The long and short of it is that while this stuff may not taste like typical Stitzel-Wellers I've had, it was excellent bourbon.

Monday, November 2, 2015

Uncooked: Coppersea Green Malt Rye

Coppersea is a craft distillery in New York's Hudson Valley. Their Green Malt Rye is made from 100% floor-malted rye which is distilled in direct fire stills and aged in 15 gallon new charred oak barrels. Interestingly, they call their rye "unkilned" because it is not cooked after malting, just ground, fermented and distilled.

This bottle was distilled in October 2014 and is listed as .6 years old.

Coppersea Green Malt Rye, .6 years old, Batch 15-2, 45% abv ($95 for 375 ml)

The nose is young but complex with strong grassy and grainy notes. These eventually settle and yield to some maraschino cherries. On the palate it starts raw and woody, like a whiskey aged in small barrels, but behind that there is a lot of flavor, including those grassy notes from the nose and a malty note, more like malted milk than the malt notes that typically come from rye malt. The finish has pencil shavings, dry autumn leaves and beer.

This has some of the raw notes I dislike in craft whiskeys, but there is more going on here. There is definitely some complexity on the palate that you don't see in most craft whiskeys. The more I taste it, the more interesting I find it and the more I want another sip.  That being said, $95 for a half bottle is a crazy price for this, which is too bad, because it's one of the few craft whiskeys I might recommend if the price were somewhere close to reasonable. 

Thanks to Christopher Dion of Young's Co. Market for the sample.

Friday, October 30, 2015

New Whiskey Labels: Glenlivet, Kavalan and More

This week's most interesting new labels from the federal TTB database:

Glenlivet cleared labels for a series of 14 year old single cask expressions that appear to have train themes: Pullman 20th Century Ltd., Pullman Club Car and Pullman Water Level Route.

A new label cleared from the makers of Kavalan, the Taiwanese malt whiskey, for King Car Conductor Whisky.

A label cleared for Reisetbauer, a 15 year old Austrian single malt aged in trockenbeerenauslese casks, which is apparently a dessert wine.

And whoever said flavored whiskeys weren't classy.  Terresentia's Betty Bomber cinnamon whiskey features cleavage and a mushroom cloud!

Note:  The fact that a label appears on the TTB database does not necessarily mean it will be produced.  In addition, some details on the label, such as proof, can change in the final product.

Wednesday, October 28, 2015

Everson Royce Old Weller 107

Everson Royce, in Pasadena, had a Henry McKenna that I really liked so I was interested to try their pick of an Old Weller 107.

Old Weller 107, Barrel #07-L-20-L-2-66 (for Everson Royce), 53.5% abv ($29.50)

The nose has some nice woody notes. The palate is rich and chewy with some strawberry and red wine notes.  It's got some nice oak that carries into the finish along with some of the strawberry. Very nice stuff.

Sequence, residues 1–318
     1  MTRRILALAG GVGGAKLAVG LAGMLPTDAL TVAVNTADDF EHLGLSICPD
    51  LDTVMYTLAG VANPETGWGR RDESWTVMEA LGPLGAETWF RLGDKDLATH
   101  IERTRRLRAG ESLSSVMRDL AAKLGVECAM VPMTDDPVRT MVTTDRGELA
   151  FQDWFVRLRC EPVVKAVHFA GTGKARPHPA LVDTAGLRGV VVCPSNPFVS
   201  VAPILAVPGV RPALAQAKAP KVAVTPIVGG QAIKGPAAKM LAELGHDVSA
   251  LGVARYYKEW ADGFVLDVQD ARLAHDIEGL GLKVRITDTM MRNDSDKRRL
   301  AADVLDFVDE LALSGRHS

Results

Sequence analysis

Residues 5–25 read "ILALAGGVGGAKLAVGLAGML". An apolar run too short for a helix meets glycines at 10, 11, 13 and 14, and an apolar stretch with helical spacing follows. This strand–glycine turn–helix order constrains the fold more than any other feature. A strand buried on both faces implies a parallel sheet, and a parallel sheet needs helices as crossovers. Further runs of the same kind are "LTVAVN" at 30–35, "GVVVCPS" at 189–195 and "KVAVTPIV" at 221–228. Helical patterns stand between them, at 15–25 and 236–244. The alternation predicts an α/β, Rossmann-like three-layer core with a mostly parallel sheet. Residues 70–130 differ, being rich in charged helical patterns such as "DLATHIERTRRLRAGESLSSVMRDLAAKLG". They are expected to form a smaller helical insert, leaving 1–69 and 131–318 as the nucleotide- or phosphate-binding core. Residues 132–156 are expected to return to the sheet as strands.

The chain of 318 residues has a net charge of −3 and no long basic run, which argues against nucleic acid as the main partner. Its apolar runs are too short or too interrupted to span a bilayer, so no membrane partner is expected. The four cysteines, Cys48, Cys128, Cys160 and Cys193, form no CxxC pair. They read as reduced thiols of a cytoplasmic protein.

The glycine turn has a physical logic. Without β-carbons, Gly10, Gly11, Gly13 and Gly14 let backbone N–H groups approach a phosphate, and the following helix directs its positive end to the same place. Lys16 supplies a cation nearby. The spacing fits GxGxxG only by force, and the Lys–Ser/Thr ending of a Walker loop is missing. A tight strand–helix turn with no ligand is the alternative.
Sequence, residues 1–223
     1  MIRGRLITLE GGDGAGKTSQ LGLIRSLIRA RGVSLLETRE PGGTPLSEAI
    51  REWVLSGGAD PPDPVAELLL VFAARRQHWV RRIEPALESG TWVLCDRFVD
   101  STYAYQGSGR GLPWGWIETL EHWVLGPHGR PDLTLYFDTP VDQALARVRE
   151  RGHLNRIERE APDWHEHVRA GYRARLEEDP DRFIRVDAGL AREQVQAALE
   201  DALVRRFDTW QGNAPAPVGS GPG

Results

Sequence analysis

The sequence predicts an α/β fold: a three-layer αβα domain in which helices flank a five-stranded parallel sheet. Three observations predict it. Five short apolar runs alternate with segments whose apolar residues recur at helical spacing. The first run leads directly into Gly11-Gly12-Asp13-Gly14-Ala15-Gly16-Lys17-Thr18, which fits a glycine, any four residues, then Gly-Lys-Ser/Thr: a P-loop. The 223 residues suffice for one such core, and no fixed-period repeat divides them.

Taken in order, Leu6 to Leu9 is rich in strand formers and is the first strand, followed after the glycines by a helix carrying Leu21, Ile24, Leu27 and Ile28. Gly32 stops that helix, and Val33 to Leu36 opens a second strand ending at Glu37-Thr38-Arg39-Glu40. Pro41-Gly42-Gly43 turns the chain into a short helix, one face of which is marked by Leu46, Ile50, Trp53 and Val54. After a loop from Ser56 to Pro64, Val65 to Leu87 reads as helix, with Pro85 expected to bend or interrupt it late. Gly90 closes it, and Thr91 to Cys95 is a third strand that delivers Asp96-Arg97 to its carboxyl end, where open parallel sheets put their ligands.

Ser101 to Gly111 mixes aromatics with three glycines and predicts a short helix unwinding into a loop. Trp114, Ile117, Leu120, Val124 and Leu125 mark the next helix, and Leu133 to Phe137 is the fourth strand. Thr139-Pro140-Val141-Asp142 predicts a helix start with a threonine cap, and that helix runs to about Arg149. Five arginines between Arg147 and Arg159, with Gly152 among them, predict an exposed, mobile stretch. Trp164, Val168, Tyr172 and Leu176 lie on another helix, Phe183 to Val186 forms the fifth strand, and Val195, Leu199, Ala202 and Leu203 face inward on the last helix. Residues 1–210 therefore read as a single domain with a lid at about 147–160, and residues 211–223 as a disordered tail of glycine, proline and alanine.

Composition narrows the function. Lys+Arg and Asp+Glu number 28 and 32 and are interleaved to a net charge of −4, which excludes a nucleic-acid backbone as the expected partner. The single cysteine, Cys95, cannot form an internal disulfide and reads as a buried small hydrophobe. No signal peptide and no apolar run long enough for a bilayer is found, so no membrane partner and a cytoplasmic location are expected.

Tasting side by side with a standard, off the shelf Weller 107, the Everson Royce pick is richer and more complex with more oak notes. I definitely prefer it to the standard expression, which is pretty good in its own right. These guys seem to make good picks when it comes to private barrels.

Monday, October 26, 2015

Spirit of American Bourbon - A Wheater from MGP

MGP of Indiana is known for their ubiquitous 95% rye whiskey as well as their high rye bourbons. In 2013, the company added a number of additional mashbills, including a wheated bourbon. When I was offered a sample of Spirit of America bourbon, I was interested to see that it was a bottling of the MGP wheated recipe. I'm not aware of any other wheated MGP out there right now, though given how much MGP there is under other labels, it's certainly possible that there is more. In any case, I was excited to give this one a try.

Spirit of America comes is a highly patriotic bottle, like Sam the Eagle levels of patriotism. The label is owned by Indiana based Hobson & Roberts who donate a dollar of every purchase to Hope for the Warriors, a support group for veterans and their families. This MGP bourbon (which they openly disclose is from MGP in their materials) is two years old and has a mashbill of 51% corn, 45% wheat and 4% malted barley.

Spirit of America Bourbon, 2 years old, 43% abv. ($35)

The nose has very light caramel notes; it's sort of Maker's like. The palate is light and fruity but a bit thin. Toward the end, it picks up some nice oak notes which carry into the finish where it is joined by light mint.

For a two year old bourbon, this stuff is not bad. It's light but not particularly youthful in its profile. Tasting blind, I might have guessed that it was standard Maker's Mark, though I did not do a side by side comparison. While there's not much in the way of complexity, there's nothing off-putting about it. I don't know that I'd run out and buy a bottle, but it definitely has potential.  It will be interesting to see how this wheat recipe develops with some more age. 

Wednesday, October 21, 2015

The You Creed: Response to the Sku Creed